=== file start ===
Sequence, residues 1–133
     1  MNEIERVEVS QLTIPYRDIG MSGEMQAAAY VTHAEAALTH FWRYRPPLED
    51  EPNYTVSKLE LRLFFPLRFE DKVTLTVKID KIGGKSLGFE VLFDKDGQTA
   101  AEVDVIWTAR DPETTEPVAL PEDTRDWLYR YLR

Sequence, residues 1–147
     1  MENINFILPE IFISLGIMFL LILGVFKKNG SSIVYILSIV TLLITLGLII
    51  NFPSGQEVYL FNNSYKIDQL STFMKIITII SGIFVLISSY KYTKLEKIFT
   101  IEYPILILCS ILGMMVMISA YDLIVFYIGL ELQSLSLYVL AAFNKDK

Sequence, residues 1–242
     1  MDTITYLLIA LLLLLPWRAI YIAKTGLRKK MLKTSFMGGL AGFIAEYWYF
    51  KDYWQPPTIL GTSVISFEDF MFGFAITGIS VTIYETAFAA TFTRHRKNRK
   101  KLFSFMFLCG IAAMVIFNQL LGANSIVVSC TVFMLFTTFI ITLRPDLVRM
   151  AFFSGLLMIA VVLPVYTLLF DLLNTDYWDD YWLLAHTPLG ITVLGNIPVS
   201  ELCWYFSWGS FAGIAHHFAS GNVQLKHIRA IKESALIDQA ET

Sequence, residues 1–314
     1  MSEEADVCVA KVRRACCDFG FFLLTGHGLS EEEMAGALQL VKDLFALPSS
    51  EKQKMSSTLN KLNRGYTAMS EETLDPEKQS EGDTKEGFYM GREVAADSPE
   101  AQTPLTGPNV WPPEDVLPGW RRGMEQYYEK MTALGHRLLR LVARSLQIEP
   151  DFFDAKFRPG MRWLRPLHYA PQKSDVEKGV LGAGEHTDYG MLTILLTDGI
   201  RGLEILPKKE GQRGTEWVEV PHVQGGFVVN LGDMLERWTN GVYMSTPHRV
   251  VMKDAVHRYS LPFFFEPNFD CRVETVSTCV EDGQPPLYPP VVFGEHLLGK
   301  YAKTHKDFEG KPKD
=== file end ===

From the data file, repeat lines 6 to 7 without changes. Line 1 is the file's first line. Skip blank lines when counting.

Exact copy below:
     1  MENINFILPE IFISLGIMFL LILGVFKKNG SSIVYILSIV TLLITLGLII
    51  NFPSGQEVYL FNNSYKIDQL STFMKIITII SGIFVLISSY KYTKLEKIFT